Crying Over Spoiled Milk

pumped milk
Pumping sucks... Pun intended.

Last night I cried over spoiled milk. Not 2% or whole, but breast. Breast milk.

This past week I have been struggling with clogged milk ducts as my breasts adjust to the baby's new night feeding schedule (he had a cold and was comfort nursing the previous two weeks). It's painful and disappointing. On one hand, I'm in pain because I feel like there are cancerous tumors forming with the need to empty my breast. Just one breast, the other's just dandy... The "boys" take turns being rebellious. (I refer to my breast when they are being used to feed my sons as the boys- which helps me differentiate between feeding baby and sexy time, sexy time they are the "girls".) ;-) They clog up giving me burning, achy, sharp crampy feelings. I suppose I should feel thankful they take turns. Glass half full, right?!

On the other hand, I feel disappointed because I have to interrupt my productive streak at work to pump (I'm way too distractable). And when I do pump my rebellious, painful-to-the-touch, clogged boobs... Nothing more than three little drops will begrudgingly drip out. Seriously?!

Come on!!!!!!

Needless to say, the painful, hard earned, measly 7 ounces I managed to pump on Friday were very, very precious. I should add that I have a certain pride and obsessed compulsion this time around in my breastfeeding/pumping journey. 'I WILL EXCLUSIVELY BREASTFEED!' I feel like it's one "for sure" way I can be part of my precious, plump, sweet pea baby's life since I am a full time working mother. So when I got "The Milking Machine" (as it's been adequately nicknamed by my hubs) on Sunday night to prepare for Monday's hesitant use, I realized that I never took out the 'white pain juice' on Friday.

It sat there, festering.

Rotting.

Forgotten...

I cried.

I cried about my forgetfulness. I cried blaming, no one thought to remind me. I cried with guilt that I sat and lounged around all day Saturday while my milk sat there all abandoned. I cried for being so stressed on Friday that I suppressed the painful memory of having pumped. I cried that my nipples were numbed with pain in vain. I cried that I suffered for NOTHING. I cried with horrible thoughts that my baby would starve to death...or worse- have to be fed FORMULAAAAaaaa!!!!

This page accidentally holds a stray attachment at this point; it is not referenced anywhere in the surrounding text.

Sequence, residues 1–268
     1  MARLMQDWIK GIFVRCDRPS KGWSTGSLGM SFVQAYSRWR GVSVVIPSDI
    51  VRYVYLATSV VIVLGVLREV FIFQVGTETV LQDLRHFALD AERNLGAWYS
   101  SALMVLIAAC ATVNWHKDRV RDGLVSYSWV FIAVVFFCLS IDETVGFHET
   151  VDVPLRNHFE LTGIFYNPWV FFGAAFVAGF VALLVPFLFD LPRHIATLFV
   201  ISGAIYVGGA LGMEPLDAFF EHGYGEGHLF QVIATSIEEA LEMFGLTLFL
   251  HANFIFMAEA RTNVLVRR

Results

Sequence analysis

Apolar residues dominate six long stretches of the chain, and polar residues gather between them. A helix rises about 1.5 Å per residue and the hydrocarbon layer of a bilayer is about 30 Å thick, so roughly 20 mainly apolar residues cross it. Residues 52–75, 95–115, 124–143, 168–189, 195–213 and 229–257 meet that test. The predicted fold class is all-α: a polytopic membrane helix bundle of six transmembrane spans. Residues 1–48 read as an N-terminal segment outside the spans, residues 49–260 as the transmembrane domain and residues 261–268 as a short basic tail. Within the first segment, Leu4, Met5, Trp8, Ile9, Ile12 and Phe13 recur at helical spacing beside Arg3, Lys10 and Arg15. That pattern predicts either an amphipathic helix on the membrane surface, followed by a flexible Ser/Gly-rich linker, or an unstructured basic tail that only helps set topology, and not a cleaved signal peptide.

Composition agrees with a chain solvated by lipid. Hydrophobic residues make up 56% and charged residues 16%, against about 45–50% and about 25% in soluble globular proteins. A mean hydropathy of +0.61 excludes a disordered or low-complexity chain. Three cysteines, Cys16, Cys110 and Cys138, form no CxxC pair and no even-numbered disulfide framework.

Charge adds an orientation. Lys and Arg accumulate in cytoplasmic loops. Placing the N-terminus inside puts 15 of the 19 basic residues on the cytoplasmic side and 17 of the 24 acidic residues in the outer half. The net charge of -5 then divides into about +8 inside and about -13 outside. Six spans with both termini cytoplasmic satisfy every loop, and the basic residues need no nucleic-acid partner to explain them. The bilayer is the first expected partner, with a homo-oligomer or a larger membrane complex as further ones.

I cried that deep, ugly-face cry (you know what I'm talking about) as I poured it down the kitchen drain whilst holding my breathe (it was rotting milk after all). The tears continued as I tediously scrubbed the breast pump parts and bottles.

When I was done I felt much better and I remembered how good it feels to not be "superwoman" by making everything perfect and holding it together all the time. Crying was a natural way for me to release the stress and feelings of self pity.

Later my husband light-heartedly suggested that next time I can "just make COTTAGE CHEESE or SOUR CREAM with it". And my mom, who is also full time care taker of my precious, reminded me, "BABY WON'T STARVE, HE'S BEGINNING TO EAT SOLIDS". This helped me begin focusing on the positive and combat the negative thoughts that I was focusing on. I purposely began to think rationally instead of emotionally: "So what, if he eats formula? FORMULA IS NOT THE DEVIL, THAT'S HOW I FED MY FIRST BABY HE DID JUST FINE." And, "I am sure my boobs will produce much better this coming week..positive boob vibes, positive boob vibes..."

I went upstairs to apologize to baby for 'momma being so forgetful", and he just gave me the biggest wide-gummed drooley smile. I soothed myself by thinking, "All is going to be OK". And "this baby was worth all the that pain and I'd do it all over again."

 

My example is only one way of how one can process a difficult emotion as a momma. It's imperative that you allow yourself to feel negative feelings (cry it out), sort through the thoughts that are swirling through your head ("how could I forget"), do some positive physical activity (washing dishes) versus a negative physical activity (like stuffing your face with a whole box of Oreos).

And talk with others about it (husband, mom) because they can help you get started on positive thinking ('make sour cream'- OK so he was only 80% serious and 20% to get me to smile) to help you change your mood. I'm still not laughing about it, perhaps in a few weeks?...

But eventually I will be able to look back and laugh about it. For now, I choose not to not feel guilty over spoiled milk. 🙂

Written by Vanessa Priscilla Perry